With Vladimir Tarasenko Injured, The Blues Must Find New Ways To Score

The Blues’ otherwise successful 2-0-1 trip to California came with some bad news: Vladimir missed the final game, Saturday at San Jose, with an apparent elbow injury. And Tarasenko will be out for at least four more games.

Sure, the timing could be better.

David Perron (concussion) hasn’t played since Jan. 17. Unless Perron returns soon, and with Tarasenko away from the lineup, the Blues would be competing without two shooters that had combined to score 30.4 percent of the team’s goals by forwards through the first 46 games of this season.

Perron has been stuck at 17 goals and 18 assists since last playing on Jan. 17. The Blues have survived Perron’s lengthy absence of 22 games. But Tarasenko’s stick has been ablaze in recent weeks; through Sunday he’d ranked tied for second in the NHL in goals (12) and tied for fourth in points (27) since Jan. 23. And his excellence was reflected in the Blues’ 15-3-2 record over the last 20 games.

Based on the lines constructed for Monday’s practice, Blues coach Craig Berube will move rookie Robert Thomas to the No. 1 line as Tarasenko’s replacement for Tuesday’s home game against Arizona. Unless something changes Thomas, 19, will join Brayden Schenn and Ryan O’Reilly.

Jaden Schwartz took Tarasenko’s spot on the top line at San Jose but will be moved back to the No. 2 line (which includes Tyler Bozak and Pat Maroon) for the game with Arizona.

Before that, Schwartz was assigned top-line duty for all but one contest when Schenn missed six games with a concussion. In 15 minutes of five-on-five action the Schenn, O’Reilly and Schwartz line struggled to generate offense, producing an awful Corsi-for possession rating of 37.5 percent. (Frame of reference: 50% is considered average.)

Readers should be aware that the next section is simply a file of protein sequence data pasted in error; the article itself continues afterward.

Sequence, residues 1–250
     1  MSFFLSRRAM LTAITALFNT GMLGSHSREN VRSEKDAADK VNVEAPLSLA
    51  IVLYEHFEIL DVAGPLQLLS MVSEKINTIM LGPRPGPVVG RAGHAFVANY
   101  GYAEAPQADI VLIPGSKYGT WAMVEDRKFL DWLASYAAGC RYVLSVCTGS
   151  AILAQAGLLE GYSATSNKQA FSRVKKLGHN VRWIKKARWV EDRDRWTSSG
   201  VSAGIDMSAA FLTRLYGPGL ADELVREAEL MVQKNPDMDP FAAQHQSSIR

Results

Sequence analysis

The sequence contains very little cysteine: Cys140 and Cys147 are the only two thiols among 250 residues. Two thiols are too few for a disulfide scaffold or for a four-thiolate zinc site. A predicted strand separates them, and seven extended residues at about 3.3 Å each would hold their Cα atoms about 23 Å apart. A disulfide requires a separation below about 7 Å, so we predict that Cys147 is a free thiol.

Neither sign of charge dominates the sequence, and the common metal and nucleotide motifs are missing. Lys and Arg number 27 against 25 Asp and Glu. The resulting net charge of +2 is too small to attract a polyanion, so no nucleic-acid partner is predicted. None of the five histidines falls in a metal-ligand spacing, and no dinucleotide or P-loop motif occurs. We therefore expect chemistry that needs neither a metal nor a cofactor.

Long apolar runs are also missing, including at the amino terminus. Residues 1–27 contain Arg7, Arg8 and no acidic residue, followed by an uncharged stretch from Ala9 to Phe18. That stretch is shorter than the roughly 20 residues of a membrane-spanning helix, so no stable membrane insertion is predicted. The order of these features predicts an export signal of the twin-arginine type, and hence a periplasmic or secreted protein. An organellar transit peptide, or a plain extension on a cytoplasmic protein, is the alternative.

Clearly Berube thought it was time to try a different combination.

I like the move.

Thomas has earned this opportunity; he’s playing extremely well. Since Jan. 23, when the Blues began rolling, Thomas has played in all 20 games. And among Blues forwards at five-on-five play Thomas ranks first in three notable categories: Corsi rating percentage (55.45), scoring-chances percentage (58.67) and high-danger chances (67.92%.)

“I really like the way he’s playing,” Berube said, when speaking of his decision on Thomas. “As a kid coming into the league, it takes a while to get adjusted and how fast it is and how competitive you have to be and just the all-around game. It’s a lot different than junior hockey. He’s a smart guy, a hard-working guy and the coaching staff’s done a real good job with him bringing him along. Otter and these guys have done a real good job of working with him. He’s really picked up the speed part of it. He’s skating really well, getting into open ice and making plays. A lot of stuff like that, he’s really good at it.

“He’s a good kid and he’s got a good attitude. That’s the biggest thing. He didn’t expect that, I don’t think. Not that he didn’t want it; I’m sure he did, but he didn’t expect it. But he worked hard and learned the game as he went along. He’s getting better and better and as that happens, his minutes go up.”

Not that Thomas should be counted on to fill the gap in production created by Tarasenko’s injury. That wouldn’t be fair to the kid.

Here’s a reminder of what the Blues will be missing with Tarasenko spectating:

Over the last five seasons, including this one, Tarasenko has 177 total goals, second in the NHL to Washington’s Alexander Ovechkin.

Tarasenko’s 131 even-strength goals are only six behind league-leader Ovechkin over the last five seasons.